At first it was really great fun. The wind was at our backs and we were coasting down the creek nicely. The only thing we had to use our paddles for was to steer. The wind did the rest. As the wind continued to pick up, we started moving faster and faster. We were having the best time ever until we realized two things. First, even though the tide was coming in we were going out – quickly. Second, as much fun as we were having with the wind at our backs, we probably were not going to experience that same fun when we turned around. Basically, the coasting would be over.
We decided to turn around and head back to the canal. That’s what we decided to do; unfortunately that’s not what actually happened. We paddled and paddled and paddled. Water was splashing into our faces. I needed windshield wipers for my sunglasses. I began to wonder how much further we had to go because all the docks were beginning to look the same. Then I realized that the reason the dock to my left looked like the one that had been to my left just 5 minutes earlier was because IT WAS THE SAME DOCK. We were not moving. And let me tell you, if we stopped paddling for even a second, we would fall back at least two kayak lengths.
I turned to say something to Julie but she wasn’t behind me. Some kind of way she had made it to a dock and was hanging on for dear life. I couldn’t bring myself to stop paddling because I knew if I did, I would lose all that ground that I had fought so hard for. I could see the bend that lead back into the canal up ahead, way up ahead, but I just couldn’t get there. I was about to give up when I saw a boat round the bend with our boys in it. They sized up the situation and through my fogged up, water spotted sunglasses, I could see the big grins on their faces. Of course, they had several smart-alecky things to say. I promise you I would have smacked one of them with my paddle, but I was too afraid to stop paddling.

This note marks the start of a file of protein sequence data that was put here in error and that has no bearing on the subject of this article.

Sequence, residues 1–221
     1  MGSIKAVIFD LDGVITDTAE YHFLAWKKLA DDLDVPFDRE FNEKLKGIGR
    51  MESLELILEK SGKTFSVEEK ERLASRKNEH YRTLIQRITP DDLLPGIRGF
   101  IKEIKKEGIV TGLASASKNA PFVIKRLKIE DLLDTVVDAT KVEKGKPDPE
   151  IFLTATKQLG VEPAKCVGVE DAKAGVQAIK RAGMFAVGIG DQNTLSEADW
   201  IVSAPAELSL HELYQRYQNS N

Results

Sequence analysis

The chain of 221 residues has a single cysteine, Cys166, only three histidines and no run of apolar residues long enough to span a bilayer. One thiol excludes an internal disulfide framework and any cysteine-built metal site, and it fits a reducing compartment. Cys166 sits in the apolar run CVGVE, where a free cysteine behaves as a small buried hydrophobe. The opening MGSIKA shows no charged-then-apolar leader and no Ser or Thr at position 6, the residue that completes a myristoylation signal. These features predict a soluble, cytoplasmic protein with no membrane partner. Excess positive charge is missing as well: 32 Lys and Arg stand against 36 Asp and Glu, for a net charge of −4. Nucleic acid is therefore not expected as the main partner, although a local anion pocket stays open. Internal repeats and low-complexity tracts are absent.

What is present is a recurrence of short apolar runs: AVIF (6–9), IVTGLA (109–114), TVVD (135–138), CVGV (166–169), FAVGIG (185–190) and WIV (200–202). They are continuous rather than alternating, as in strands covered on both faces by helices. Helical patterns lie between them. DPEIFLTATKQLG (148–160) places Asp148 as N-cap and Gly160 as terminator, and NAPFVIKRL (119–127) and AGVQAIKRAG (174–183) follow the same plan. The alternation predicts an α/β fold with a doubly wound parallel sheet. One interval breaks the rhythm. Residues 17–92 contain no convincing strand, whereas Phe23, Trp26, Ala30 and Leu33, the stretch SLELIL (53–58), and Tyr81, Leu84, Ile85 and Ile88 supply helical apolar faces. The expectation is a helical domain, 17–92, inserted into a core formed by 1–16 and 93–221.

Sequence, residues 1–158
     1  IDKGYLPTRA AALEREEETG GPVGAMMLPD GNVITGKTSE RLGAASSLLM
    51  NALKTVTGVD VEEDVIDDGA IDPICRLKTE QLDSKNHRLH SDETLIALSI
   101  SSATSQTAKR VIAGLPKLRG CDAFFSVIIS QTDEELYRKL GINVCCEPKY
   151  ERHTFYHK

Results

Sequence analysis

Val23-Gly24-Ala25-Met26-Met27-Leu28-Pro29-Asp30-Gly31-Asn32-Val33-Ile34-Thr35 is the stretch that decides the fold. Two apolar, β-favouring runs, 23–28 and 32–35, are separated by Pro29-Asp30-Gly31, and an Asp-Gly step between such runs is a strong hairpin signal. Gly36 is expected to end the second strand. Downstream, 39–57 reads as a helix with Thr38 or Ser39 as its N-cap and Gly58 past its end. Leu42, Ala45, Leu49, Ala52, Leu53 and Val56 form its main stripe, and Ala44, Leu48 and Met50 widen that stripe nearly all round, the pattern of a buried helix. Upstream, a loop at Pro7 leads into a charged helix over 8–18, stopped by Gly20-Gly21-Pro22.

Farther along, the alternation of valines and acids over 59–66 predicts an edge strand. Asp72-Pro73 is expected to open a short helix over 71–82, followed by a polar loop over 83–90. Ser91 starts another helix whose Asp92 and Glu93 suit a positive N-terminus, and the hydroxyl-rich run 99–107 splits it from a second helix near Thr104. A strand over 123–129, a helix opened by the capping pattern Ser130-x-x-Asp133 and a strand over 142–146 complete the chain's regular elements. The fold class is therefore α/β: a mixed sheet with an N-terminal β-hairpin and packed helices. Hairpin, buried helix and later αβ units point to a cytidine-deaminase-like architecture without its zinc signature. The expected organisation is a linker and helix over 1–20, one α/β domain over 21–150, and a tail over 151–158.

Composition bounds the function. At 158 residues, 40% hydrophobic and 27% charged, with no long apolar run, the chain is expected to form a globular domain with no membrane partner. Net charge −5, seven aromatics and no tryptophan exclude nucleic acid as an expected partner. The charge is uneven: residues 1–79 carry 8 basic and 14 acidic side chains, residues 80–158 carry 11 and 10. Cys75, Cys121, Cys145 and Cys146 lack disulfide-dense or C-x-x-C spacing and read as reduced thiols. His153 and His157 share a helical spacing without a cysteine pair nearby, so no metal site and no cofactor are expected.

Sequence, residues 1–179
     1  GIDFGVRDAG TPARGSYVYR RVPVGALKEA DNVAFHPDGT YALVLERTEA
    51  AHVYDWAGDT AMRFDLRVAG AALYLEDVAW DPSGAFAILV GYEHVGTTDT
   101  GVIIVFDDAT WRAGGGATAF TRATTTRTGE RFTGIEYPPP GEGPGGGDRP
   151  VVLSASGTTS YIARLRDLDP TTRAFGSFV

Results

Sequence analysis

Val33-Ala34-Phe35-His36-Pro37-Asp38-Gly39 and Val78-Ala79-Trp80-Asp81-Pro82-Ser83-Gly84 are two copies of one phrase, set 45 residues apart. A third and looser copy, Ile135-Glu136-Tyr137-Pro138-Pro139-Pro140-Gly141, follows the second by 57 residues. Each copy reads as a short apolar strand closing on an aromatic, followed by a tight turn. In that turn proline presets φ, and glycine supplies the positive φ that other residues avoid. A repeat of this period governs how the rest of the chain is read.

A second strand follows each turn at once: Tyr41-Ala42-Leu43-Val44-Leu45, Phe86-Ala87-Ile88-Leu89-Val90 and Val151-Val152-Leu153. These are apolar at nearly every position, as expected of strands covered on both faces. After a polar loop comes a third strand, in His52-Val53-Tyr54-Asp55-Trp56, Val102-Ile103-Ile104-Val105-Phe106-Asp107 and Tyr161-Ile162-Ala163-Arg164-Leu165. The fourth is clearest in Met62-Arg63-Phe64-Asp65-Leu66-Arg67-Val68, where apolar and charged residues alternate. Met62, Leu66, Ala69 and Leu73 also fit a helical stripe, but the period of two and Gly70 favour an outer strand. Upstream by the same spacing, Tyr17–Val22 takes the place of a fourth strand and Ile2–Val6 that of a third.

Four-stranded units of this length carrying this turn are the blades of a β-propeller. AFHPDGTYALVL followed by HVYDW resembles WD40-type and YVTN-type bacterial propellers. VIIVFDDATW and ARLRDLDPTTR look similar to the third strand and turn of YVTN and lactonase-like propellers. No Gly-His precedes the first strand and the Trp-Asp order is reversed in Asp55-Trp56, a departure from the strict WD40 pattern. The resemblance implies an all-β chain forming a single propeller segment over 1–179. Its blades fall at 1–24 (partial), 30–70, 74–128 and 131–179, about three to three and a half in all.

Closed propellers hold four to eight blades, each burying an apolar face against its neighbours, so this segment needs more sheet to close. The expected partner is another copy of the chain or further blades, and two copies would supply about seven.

They picked up Julie first then came up beside me. When the boat pulled up beside me, hands reached out and grabbed my kayak. It was a beautiful sight! The boys held onto our kayaks and towed us back to the canal. It was still a rough ride and salt water was still splashing all in my face, but the paddling was done and my aching arms were finally able to rest.
Paddling a kayak in a storm is a lot like maneuvering through the storms of life. If we allow God to, He will teach us and perfect two important spiritual disciplines in our lives: endurance and perseverance.